‘Yes,’ he whispered as he drank in the beauty of her smile and the soul he carried so much love for, ‘it must be’. –

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Review: Company of Liars

Company of Liars
Company of Liars by Karen Maitland

My rating: 5 of 5 stars

This was an excellent book and Maitland did a brilliant job of bringing the past to life in a way that was realistic without being overwhelming.

In parts the plot pacing was a little shaky as it could often be quite slow but I think this was more than compensated for by the great attention to detail which kept the reader hooked into the plot by all the eccentricities of medieval life. I absolutely loved all of the superstition and religious elements that were included! They’re the main reason I enjoy studying the medieval period and Maitland did a brilliant job of including them without it becoming overbearing or without it seeming out of line with our modern beliefs on what is and isn’t possible (view spoiler). Furthermore, the mysteries were very deftly done and I spent most of the book trying to second-guess what was behind them all. Though some were a bit of a let down, I do think this was more in part to the amount of suspense leading up to them rather than the plot itself – with that much suspense constantly building up throughout a novel most revelations would feel like a let down!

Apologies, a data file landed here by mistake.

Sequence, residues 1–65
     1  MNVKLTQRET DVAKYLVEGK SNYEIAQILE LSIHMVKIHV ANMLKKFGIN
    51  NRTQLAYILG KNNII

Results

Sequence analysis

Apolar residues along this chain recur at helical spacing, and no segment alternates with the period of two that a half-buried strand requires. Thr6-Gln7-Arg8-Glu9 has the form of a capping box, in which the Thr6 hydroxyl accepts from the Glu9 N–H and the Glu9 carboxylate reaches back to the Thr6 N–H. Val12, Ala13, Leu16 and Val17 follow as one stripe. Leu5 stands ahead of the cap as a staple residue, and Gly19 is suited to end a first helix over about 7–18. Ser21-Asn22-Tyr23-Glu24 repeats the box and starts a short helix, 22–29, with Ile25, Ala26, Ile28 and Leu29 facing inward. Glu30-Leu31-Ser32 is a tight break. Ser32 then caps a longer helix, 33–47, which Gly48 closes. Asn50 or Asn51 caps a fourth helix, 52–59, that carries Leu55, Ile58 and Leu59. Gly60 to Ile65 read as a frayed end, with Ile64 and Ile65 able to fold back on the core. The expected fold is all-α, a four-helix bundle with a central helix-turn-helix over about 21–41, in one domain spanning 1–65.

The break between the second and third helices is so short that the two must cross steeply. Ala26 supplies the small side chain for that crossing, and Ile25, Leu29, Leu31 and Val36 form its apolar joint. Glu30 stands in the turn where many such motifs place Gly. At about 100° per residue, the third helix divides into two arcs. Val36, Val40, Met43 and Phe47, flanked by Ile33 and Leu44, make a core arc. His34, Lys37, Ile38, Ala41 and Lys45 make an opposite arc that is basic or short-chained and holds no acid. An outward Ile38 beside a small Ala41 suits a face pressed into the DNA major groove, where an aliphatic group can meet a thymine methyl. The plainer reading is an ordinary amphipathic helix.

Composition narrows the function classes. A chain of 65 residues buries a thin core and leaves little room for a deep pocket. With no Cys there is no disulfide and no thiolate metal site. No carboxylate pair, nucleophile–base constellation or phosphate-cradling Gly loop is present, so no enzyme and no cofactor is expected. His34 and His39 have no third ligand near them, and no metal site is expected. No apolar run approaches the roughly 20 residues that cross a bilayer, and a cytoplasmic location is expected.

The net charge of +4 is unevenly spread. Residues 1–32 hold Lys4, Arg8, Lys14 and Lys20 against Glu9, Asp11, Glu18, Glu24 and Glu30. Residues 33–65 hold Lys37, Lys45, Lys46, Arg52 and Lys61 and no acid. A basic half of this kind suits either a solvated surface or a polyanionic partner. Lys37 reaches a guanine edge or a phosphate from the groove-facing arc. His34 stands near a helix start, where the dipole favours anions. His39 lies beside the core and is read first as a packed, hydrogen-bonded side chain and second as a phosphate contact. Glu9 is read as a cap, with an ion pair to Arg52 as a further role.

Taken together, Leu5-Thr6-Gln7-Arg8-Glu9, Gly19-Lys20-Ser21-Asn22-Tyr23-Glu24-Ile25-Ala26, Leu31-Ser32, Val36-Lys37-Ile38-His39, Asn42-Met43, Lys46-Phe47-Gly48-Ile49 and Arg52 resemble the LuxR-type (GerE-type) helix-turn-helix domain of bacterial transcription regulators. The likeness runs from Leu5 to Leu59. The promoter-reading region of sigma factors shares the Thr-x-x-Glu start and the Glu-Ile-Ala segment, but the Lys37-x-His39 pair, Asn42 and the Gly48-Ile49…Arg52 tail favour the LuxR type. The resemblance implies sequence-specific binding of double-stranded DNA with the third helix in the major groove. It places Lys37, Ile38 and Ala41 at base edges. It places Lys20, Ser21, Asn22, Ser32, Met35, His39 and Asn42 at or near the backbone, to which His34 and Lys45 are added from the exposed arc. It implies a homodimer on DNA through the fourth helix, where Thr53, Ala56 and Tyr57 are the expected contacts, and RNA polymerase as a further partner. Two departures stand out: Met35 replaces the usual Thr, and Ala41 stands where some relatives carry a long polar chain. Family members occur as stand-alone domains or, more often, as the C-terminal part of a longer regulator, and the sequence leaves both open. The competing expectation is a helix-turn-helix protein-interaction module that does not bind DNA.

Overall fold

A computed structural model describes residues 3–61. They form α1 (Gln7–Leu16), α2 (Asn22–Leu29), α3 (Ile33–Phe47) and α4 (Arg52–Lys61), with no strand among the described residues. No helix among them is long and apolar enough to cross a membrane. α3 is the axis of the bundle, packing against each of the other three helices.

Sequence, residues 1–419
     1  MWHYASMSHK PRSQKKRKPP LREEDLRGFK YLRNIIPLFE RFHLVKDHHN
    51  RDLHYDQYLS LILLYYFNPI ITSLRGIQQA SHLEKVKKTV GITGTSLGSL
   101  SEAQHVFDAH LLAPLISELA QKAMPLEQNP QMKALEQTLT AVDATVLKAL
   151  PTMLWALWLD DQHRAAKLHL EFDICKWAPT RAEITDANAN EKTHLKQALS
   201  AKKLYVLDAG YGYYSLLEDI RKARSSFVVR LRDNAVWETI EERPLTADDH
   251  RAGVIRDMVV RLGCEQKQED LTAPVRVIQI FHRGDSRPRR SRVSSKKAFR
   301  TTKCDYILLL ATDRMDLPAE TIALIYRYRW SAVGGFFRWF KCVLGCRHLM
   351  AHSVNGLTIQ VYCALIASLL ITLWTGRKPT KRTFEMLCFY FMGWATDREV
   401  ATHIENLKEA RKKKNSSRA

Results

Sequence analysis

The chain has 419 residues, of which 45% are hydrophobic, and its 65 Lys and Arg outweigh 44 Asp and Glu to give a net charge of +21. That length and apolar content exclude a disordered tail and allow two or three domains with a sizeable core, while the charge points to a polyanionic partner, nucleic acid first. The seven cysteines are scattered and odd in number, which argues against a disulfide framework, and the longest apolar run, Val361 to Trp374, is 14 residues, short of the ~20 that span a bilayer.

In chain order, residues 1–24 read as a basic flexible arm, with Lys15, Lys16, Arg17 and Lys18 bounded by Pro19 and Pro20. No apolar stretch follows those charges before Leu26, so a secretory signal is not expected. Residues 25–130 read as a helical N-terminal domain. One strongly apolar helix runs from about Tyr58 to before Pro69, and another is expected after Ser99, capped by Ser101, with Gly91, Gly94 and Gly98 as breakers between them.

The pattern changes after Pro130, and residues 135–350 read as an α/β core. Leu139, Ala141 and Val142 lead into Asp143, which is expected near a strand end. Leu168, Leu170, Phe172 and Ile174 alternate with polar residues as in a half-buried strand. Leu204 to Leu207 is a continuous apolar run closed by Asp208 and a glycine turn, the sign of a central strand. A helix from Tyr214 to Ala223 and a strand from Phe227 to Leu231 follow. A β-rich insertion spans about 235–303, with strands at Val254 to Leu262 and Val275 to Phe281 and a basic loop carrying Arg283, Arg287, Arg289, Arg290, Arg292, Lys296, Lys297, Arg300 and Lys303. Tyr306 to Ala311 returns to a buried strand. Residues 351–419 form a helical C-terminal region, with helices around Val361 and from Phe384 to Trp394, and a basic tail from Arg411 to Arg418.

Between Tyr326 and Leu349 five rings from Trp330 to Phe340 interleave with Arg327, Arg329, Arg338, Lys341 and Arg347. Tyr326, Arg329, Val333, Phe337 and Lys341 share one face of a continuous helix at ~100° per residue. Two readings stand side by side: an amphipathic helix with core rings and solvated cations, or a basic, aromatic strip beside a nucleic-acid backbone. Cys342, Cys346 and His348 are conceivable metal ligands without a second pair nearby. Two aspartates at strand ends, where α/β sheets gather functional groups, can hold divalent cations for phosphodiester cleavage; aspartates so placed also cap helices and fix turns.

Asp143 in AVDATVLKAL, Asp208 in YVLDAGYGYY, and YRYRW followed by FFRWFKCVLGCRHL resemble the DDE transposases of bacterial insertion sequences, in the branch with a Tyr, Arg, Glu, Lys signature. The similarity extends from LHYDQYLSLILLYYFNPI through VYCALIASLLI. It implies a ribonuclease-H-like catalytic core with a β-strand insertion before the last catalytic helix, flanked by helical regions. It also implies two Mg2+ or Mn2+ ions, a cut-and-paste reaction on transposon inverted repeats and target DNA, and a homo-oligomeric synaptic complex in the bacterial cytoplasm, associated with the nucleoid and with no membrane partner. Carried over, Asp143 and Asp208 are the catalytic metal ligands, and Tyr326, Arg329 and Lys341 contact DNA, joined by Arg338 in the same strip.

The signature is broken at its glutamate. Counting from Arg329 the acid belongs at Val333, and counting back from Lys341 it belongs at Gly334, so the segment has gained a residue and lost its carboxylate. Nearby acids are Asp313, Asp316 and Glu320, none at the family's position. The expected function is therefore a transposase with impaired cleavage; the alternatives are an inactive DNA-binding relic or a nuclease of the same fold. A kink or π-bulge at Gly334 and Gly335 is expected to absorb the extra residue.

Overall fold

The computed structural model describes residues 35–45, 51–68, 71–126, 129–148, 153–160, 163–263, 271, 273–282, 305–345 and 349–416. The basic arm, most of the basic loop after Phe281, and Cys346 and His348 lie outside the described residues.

The entire theme of truth throughout the novel was a pretty unique take on a book like this and I thoroughly enjoyed how it was explored in most situations. It didn’t delve too far into challenging whether lying was necessarily a bad thing in every scenario but it did raise enough questions to make the book linger in the reader’s mind long after they finished a chapter.

A writing device used in the book I particularly liked was the way Maitland had the characters tell stories and, instead of repeating them to us parrot fashion, she voiced their content through the different reactions of the character’s. This really helped keep my interest up in the story as well as move the plot on very nicely while giving us more information about the characters.

The only criticism I would have of the novel, and a small one at that, is that the characters of Osmond, Adela and Rodrigo would’ve been better with more development. This is particularly the case with Adela as the fact that she was ‘tender-hearted’ was both shown and told to the reader repeatedly but there seemed to be very little else to her and this did get a bit irritating towards the end. A much stronger backstory for all three of those characters would have improved the book tremendously, I’m aware there is some extra material to accompany the novel so I hope I find what I’m looking for in there!

All in all this book was a fantastic read and I’d highly recommend it to anyone interested in either English history and/or myths and legends.